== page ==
NM 2015 graduation rate was worst in nation - Albuquerque Journal

NM 2015 graduation rate was worst in nation

Copyright © 2017 Albuquerque Journal

New Mexico had the nation’s worst high school graduation rate in 2015 – a poor showing tied to poverty and demographics, according to a new report.

But the picture is complex – some states have had much greater success than New Mexico in helping low-income students get to graduation day, “challenging any notions that low outcomes for low-income students are inevitable,” the study states.

With 69 percent of students earning their cap and gown on time, the Land of Enchantment stands out in the latest “Building a Grad Nation” study from Civic Enterprises and the Everyone Graduates Center at the Johns Hopkins University. No other state was under 70 percent that year.

Nationally, the high school graduation rate hit a record-breaking 83 percent in 2015, though still well below the study’s 90 percent goal.

“Building a Grad Nation” also lists Albuquerque Public Schools near the bottom of the 100 largest school districts for its 62 percent high school graduation rate. Only the Milwaukee School District was worse at 58 percent.

Jennifer DePaoli, “Building a Grad Nation” co-author, stressed that New Mexico’s poverty plays a major role in its educational outcomes.

“One of the biggest issues New Mexico has to contend with is such a significant number of low-income students,” DePaoli said.

About 58 percent of New Mexico high school seniors qualify as low-income, and only 64 percent of them earned a diploma in 2015. Nearly 70 percent of New Mexico students who fail to graduate on time are low-income.

Two states that have shown success in graduating low-income students are California and West Virginia.

In California, 67 percent of high school seniors are low income, and their graduation rate is 78 percent.

The result is even more dramatic in West Virginia. Low-income students there made up 66 percent of the high school class in 2015, but nearly 83 percent graduated.

For New Mexico, poverty is compounded by demographic challenges – the state has the highest percentage of students who qualify as English Language Learners, 27 percent. As a group, 64 percent of them graduated on time in New Mexico.

“Those students, unfortunately, tend to graduate at much lower rates,” DePaoli said. “On the plus side, New Mexico is identifying a large number of English Language Learners, so hopefully that means that those students are getting the support that they need.”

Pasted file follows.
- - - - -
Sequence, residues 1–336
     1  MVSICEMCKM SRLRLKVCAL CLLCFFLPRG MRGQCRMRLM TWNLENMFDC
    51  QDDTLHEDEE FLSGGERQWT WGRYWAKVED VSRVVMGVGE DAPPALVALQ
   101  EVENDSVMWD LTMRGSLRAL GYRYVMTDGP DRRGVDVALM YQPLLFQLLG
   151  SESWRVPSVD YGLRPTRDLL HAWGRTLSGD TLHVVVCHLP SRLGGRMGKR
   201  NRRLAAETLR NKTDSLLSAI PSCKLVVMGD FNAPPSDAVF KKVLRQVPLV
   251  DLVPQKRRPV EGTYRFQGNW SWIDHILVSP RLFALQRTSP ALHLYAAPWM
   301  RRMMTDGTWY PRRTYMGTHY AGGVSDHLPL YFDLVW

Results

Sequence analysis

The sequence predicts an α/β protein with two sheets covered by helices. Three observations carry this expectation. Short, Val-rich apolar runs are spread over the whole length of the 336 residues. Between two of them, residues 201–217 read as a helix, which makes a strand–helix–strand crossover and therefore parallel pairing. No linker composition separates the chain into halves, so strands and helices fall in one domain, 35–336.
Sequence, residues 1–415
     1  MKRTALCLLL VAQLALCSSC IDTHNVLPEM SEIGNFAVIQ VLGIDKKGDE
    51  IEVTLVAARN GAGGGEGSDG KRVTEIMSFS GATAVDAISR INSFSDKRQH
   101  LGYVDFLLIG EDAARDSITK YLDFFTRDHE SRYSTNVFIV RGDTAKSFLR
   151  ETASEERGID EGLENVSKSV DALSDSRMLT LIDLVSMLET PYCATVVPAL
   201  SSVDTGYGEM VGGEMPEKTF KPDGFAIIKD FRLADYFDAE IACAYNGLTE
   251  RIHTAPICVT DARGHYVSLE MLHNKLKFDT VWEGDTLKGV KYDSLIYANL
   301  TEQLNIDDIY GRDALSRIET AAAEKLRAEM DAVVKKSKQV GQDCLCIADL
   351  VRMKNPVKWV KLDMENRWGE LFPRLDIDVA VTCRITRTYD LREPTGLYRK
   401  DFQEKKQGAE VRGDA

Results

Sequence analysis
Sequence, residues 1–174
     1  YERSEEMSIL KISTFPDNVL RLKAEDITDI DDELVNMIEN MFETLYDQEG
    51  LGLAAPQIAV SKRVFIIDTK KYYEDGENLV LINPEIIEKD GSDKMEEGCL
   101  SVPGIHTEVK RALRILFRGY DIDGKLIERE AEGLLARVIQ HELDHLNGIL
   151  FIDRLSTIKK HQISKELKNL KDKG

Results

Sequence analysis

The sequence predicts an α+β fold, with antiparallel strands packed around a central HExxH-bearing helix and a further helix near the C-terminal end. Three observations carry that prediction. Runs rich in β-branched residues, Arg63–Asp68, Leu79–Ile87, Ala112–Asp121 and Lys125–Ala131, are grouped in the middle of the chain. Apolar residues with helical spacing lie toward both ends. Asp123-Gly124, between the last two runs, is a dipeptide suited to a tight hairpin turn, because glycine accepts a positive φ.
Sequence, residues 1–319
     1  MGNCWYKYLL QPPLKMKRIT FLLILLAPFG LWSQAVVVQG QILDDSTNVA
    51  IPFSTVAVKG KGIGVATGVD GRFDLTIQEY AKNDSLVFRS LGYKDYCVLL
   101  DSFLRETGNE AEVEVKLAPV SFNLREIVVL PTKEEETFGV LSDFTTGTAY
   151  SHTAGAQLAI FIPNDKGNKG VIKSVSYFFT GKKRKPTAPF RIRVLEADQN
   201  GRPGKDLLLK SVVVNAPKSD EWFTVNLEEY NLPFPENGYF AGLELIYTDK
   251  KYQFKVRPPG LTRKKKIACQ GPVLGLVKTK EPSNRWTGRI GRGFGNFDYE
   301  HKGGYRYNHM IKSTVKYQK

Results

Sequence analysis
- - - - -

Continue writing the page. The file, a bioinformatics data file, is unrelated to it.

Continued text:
DePaoli also highlighted gradual improvement in New Mexico’s graduation rate – “a glimmer of hope that there are good things happening.”

“Building a Grad Nation” is a year behind the New Mexico Public Education Department’s latest data, which shows a 71 percent statewide graduation rate for 2016, including growth among Hispanic, African-American, low-income and disabled students. APS’ graduation rate also rose in 2016, jumping 4 points to 66 percent.

Since 2011, the state’s graduation rate has gone up 8 percentage points.

Education Secretary Hanna Skandera said New Mexico must implement reforms to continue the positive trajectory.

“The status quo has failed New Mexico for far too long,” she said in an emailed statement. “We’re setting higher standards for our kids – and they are rising to the occasion … But there’s more work to be done – including ending the failed practice of social promotion, which passes our kids on to the next grade when they can’t read.”

For DePaoli, a key is community involvement.

She complimented Albuquerque Mayor Richard Berry’s work with Running Start for Careers, a public/private partnership that offers apprenticeships and education. Berry also serves on the council of Mission: Graduate, which aims to help New Mexicans earn 60,000 new college degrees and certificates by 2020.

Mission: Graduate Executive Director Angelo Gonzales said schools need partners to work with them to support children “from cradle to career.”

“This challenge is not something school districts can solve on their own,” he said. “It requires coordination and the assets in our community to be successful.”

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